The U.S. Navy has been steadily increasing its investment into practical 3D printer usage, as opposed to research. The latest comes in the form of a whopping $20 million contract to buy up to 25 Stratasys F900 3D printers over the next five years. With the first eight set to be delivered by the end of 2021, the contract also includes initial support, materials and training.
The deal comes some months after the U.S. Department of Defense (DoD) published a report about its plans for additive manufacturing, which highlighted the technology’s value in enabling a digital manufacturing ecosystem. For the DoD, 3D printing is a method that can be used to speed up design and production, thus leading to deploying weapons more quickly in the field. The DoD aims to bring 3D printing into its own operations and its broader military production supply chain.
“The benefits of additive manufacturing for military organizations like the U.S. Navy include cost-effectively extending the life of strategic and tactical assets like aircraft while ensuring sustainment activities can happen quickly and from virtually anywhere,” said Mark Menninger, Director of U.S. Government Business Segment for Stratasys. “This contract, the largest government project for Stratasys to-date, continues to expand the presence of industrial 3D printing from Stratasys across the U.S. government.”
The F900 is Stratasys’s largest fused deposition modeling (FDM) 3D printer, with a build volume of 36 x 24 x 36 in. With it, the Navy will 3D print large-scale parts for end-use, tooling, and training aids at its bases in the U.S. and Japan. The Navy has been steadily investing into 3D printing since 2014, adopting new technologies and methods as AM advances.Installing its first 3D printer aboard a vessel in 2014, the maritime agency has gone onto use a variety of 3D printing processes for such applications as producing parts for communications gear, fabricating replacement parts, and designing new ships. At the same time, it has taken on new technologies, such as the ElemX metal 3D printer from Xerox, while researching novel processes like Ingersoll’s massive composites system. It’s even investing in machine learning to analyze 3D printing data.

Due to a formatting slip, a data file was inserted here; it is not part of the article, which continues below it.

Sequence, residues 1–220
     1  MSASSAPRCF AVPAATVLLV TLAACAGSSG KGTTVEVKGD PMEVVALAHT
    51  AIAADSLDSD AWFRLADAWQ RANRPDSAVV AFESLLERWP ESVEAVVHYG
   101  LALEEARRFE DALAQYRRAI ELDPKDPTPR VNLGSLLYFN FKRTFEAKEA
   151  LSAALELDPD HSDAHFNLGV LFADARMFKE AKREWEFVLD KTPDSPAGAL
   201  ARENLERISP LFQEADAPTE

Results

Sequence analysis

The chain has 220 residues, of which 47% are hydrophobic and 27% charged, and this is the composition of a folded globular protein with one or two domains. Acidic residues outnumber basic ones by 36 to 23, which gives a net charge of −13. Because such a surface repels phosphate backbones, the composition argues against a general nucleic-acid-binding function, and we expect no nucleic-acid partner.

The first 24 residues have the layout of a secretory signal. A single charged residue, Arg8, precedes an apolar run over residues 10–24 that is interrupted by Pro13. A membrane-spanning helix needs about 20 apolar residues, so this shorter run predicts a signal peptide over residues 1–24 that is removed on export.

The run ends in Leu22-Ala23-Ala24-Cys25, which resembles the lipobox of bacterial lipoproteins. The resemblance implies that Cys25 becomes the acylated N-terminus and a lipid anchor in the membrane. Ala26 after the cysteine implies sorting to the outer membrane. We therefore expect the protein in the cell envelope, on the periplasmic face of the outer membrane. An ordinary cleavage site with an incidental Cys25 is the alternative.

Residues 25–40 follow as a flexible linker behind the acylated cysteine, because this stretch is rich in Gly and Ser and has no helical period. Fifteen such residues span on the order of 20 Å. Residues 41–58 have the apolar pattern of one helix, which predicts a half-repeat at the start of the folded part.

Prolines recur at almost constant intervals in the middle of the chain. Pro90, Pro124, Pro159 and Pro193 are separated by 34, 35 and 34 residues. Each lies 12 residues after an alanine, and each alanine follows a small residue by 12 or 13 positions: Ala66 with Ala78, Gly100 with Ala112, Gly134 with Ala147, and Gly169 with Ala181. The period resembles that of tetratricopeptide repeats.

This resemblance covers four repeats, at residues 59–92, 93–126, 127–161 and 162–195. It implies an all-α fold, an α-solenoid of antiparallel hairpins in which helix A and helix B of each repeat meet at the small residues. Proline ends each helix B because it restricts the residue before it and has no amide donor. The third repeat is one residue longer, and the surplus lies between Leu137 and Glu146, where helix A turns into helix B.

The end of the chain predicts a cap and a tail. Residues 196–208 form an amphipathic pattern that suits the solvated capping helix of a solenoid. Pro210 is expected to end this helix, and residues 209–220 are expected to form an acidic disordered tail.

Subscribe to Our Email Newsletter
Stay up-to-date on all the latest news from the 3D printing industry and recieve information and offers from thrid party vendors.
You May Also Like
Stratasys Goes on the Record on Buying Covestro 3D Printing Materials Unit
In light of the recent acquisition of Covestro’s additive manufacturing (AM) business by Stratasys, we interviewed executive vice president of Product Strategy and Corporate Development at Stratasys Omer Krieger and...
3D Printing Webinar and Event Roundup: July 10, 2022
It’s another busy week of 3D printing-related events and webinars! Markforged and Stratasys are both conducting tours, 3D Systems is holding a webinar on lightweighting structures for NASA, and the...
Catching Up with Braskem at RAPID + TCT: Expanding Available Additive Materials
During the COVID-19 outbreak, there was one important multinational that jumped into the additive manufacturing (AM) industry without the typical fanfare. This was Braskem (NYSE: BAK), the largest petrochemical company...
Jabil Captures Carbon with New PK 5000 3D Printing Material
Jabil (NYSE: JBL) has long been in the 3D printing space. In fact, it’s probably been in additive manufacturing (AM) longer than many of us even know. That’s because, as...